ANY parent who beats up their child is the lowest of the low and they should be prosecuted and jailed.
So I welcome the Scottish Government’s plans to make it illegal for parents to use physical punishment to admonish their kids.
Why should someone have the right to batter a child just because they happen to be related?
Some poor young people live in fear and terror of violent mothers and fathers who think that it is acceptable to “discipline” them using kicks and punches.
Of course, these sick, cruel individuals should be utterly condemned.
Seeing an adult repeatedly slap a little boy or girl is stomach-churning.
Years ago I saw a woman slap her son’s legs because he was misbehaving in the supermarket. It was so over the top.
It made me wonder what she did to him at home, if she was comfortable hitting him in a public place.
No one should be able to get away with thumping their child. Such assaults are abhorrent.
But repeated attacks on a child are light years away from a one-off tap on the hand.
I don’t think you can lump this type of disciplining in with the sort of regular violence that children experience in the home when a parent uses physical punishment as the norm.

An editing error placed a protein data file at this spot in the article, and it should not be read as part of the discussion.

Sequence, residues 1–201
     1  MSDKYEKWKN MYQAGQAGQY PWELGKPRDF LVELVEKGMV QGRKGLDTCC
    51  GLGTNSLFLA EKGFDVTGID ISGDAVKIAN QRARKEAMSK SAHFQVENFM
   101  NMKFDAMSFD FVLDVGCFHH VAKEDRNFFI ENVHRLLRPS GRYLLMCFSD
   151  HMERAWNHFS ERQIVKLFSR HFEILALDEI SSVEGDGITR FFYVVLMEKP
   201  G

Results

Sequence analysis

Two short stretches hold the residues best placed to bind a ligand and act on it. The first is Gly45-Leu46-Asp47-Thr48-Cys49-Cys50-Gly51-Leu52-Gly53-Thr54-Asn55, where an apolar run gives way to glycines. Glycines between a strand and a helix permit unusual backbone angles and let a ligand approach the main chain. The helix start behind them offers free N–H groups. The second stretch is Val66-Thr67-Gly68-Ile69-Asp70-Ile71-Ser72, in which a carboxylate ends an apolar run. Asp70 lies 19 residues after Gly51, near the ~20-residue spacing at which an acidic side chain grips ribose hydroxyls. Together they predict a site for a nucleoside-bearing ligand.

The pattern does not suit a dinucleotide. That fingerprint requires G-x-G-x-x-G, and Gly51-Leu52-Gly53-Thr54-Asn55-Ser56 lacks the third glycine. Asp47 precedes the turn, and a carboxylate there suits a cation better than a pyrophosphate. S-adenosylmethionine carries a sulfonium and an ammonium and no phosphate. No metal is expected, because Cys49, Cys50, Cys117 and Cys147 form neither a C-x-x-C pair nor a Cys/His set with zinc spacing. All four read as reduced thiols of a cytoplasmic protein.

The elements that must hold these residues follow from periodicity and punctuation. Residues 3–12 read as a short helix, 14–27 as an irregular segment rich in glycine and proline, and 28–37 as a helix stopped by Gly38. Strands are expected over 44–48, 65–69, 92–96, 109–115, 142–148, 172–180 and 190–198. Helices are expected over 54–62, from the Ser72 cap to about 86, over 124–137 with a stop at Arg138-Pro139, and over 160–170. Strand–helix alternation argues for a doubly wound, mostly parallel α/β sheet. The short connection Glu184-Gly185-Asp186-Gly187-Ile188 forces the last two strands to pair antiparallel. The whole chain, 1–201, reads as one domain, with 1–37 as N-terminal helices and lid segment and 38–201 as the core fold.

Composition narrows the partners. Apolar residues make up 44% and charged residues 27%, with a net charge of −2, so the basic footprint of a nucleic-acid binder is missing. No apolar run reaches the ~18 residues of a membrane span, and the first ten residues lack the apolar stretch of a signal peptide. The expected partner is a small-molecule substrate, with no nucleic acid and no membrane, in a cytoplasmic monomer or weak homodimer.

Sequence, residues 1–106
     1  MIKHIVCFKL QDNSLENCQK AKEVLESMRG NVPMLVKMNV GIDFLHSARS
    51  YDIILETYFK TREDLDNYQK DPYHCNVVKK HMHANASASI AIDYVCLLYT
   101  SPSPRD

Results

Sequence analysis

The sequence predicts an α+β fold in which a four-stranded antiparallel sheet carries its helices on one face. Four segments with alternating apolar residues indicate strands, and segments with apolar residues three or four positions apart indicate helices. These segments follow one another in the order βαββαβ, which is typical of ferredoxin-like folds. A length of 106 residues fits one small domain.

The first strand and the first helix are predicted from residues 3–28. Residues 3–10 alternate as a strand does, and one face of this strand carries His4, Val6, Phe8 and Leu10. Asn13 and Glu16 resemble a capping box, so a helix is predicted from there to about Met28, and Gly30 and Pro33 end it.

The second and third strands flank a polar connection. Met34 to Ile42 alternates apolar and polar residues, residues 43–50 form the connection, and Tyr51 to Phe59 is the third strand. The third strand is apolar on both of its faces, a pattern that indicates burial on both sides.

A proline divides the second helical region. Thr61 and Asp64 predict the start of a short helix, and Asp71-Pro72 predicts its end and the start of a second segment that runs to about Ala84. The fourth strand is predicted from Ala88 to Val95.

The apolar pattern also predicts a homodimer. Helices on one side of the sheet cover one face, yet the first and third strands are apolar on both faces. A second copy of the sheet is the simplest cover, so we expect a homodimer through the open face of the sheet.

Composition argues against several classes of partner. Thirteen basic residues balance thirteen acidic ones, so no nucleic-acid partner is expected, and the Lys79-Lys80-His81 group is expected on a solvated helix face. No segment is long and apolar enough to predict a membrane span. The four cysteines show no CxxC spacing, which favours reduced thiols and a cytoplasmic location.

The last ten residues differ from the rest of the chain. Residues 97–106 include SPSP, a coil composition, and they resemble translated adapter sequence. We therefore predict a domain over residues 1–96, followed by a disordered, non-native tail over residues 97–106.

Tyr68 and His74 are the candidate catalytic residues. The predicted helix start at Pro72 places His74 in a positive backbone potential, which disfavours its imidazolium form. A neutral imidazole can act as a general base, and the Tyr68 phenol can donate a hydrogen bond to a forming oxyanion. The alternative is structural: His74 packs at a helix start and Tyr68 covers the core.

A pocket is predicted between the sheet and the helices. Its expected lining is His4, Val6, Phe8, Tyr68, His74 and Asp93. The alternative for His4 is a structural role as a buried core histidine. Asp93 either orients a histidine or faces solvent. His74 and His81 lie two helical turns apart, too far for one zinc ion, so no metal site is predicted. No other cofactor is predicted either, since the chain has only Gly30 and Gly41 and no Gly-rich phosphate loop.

I also don’t believe there are many parents who haven’t given their child a light tap on the hand if a little one has ignored repeated requests to behave.
I’m not for a moment advocating this approach to parenthood. All I am saying is that in the real world parents can be shocked into smacking their kids if they run out into the road, are heading towards an open fire or likely to so something that puts them in jeopardy.
It’s out of character, often just a once-in-a-lifetime occurrence. They feel awful afterwards.
Surely it would be unfair to lump them in with a dangerous, out-of-control mother or father who thinks nothing of battering their kid on a daily basis.
We know that children who are raised in a violent environment are scarred for life and often go on to repeat the cycle, hitting their own children.
This is child abuse on a hideous scale and the children need to be protected.
We also, however, have to use some common sense here.
A loving mum or dad who gives their child a light smack once in a blue moon is not the same as a violent parent.
So while I welcome any legislation that will protect children, I also don’t want to see loving parents being treated in the same way as violent tyrants.
I am in no way condoning their behaviour, but caring mums and dads who very occasionally give their child a light slap shouldn’t be compared to a sadistic parents who regularly lash out.